With knees pressing the saddle, erect in his seat
Hans rode into town through long Albany Street
Where he gazed with fresh joy at the tall stately stores
All with large, painted signs overhanging their doors,
So distinctly each lettered on wood, or on tin;
Without asking he knew who were merchants within.
In the heart of the city appeared to his ken
The endless long line of fair women and men,
And though bells were not ringing he had not a doubt
That service, was over, and church was just out,
And surmised, as he gazed on the gaily dressed crowd,
That New Brunswick's fine town-folks were all over-proud
In not giving to strangers that shake of the hand
That plain folks would give in Neshanic's green land.
At a window where brokers pile high their bright gold
He was gazing, and dreaming of riches untold,
When he heard a voice cry, "The British have come!"
Then approaching him near the clear tap of the drum.
Soon quivered the air to the bugle's loud blast,
And in martial array came a squad marching fast-
Not the soldiers of Howe and in red coats of flame,
But wild urchins, who mimicked war's blustering game.
On perceiving them Hans was stricken with fear
That each boy in the ranks seemed a tall grenadier;
Each gay feather a plume arid each broomstick a gun,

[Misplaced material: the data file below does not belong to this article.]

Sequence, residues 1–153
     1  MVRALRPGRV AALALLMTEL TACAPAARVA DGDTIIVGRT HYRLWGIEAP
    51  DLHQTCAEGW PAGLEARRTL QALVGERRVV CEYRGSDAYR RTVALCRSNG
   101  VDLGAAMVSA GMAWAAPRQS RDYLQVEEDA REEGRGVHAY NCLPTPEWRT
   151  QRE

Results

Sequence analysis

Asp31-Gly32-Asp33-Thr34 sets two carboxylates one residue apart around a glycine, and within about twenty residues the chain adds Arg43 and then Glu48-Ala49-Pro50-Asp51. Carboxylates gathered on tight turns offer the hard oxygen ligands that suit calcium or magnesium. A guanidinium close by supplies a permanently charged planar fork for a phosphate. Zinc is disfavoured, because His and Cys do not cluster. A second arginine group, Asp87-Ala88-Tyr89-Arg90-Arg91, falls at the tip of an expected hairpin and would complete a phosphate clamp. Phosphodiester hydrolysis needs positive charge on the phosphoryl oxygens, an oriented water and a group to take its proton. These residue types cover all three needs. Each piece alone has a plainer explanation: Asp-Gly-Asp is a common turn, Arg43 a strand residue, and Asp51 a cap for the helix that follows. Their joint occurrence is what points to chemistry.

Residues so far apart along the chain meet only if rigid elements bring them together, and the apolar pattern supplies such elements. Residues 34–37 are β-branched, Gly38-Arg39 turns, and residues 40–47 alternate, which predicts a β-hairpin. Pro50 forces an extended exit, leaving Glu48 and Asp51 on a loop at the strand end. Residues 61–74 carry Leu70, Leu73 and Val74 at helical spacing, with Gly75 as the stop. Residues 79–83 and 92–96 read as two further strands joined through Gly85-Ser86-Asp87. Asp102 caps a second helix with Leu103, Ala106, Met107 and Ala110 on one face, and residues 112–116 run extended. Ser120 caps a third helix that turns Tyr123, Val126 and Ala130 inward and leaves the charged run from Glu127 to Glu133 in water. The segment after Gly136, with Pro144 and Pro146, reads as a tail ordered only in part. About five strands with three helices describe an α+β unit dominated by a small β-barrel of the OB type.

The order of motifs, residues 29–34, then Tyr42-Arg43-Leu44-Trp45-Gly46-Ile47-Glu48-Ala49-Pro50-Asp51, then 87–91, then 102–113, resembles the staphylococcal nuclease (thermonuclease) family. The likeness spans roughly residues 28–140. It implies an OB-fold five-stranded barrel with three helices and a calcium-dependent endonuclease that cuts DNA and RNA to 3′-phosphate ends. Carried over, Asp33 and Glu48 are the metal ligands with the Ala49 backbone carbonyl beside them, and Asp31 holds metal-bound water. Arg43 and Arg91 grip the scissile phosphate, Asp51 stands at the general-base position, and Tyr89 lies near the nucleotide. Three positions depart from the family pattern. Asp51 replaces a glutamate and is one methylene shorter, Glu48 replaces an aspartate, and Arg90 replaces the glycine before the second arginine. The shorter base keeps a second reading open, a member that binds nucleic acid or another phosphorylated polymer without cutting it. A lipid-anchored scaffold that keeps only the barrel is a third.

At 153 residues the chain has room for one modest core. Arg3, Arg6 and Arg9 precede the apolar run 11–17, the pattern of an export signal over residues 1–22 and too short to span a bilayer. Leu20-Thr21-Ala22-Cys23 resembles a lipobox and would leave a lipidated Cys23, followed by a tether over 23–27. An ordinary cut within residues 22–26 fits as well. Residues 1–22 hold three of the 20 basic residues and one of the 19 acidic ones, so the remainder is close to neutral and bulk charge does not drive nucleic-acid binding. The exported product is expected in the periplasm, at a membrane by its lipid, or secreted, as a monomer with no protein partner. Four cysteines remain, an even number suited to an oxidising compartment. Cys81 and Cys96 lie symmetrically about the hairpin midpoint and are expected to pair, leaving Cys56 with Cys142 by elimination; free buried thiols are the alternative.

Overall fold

With a bayonet flashing the light of the sun.
Then the whip and the spur with wild vigor applying,
Up long Albany Street he rode galloping, flying
Far away from the foeman who had taken the town.
With a hand on the pommel to hold his weight down,
He rode galloping, flying past meadow and wood,
With the wild fear of danger ever chilling his blood,
And as thus he rode on, like an aspen he shook
When he turned in his saddle behind him to look,
For a cloud of red dust that arose in his rear
Seemed a British dragoon at a charge with a spear.
As in his mad flight he was riding adown
The broad highway that leads to old Middlebush town,
Some stray cows that were grazing along the roadside
The wild horse and his rider in wonderment eyed;
And when started the leader, alarmed at the sight,
With long tails high in air, the whole herd took to flight,
And then swiftly together pell-mell they came down
Horse, rider, and cows on old Middlebush town;
While the citizens hearing the noise and the clatter
From their houses all ran to see what was the matter;
And preceding the cloud wreath they knew that there must
Be strong winds in its folds to uphold the red dust.
'Twas a whirling tornado, destructive in wrath,
Such as sweeps the green fields, as it speeds on its path,
Bare as lands in the east that the locusts encamp on,
Or the fields through which ran the red foxes of Sampson.
Continue to Part 3 here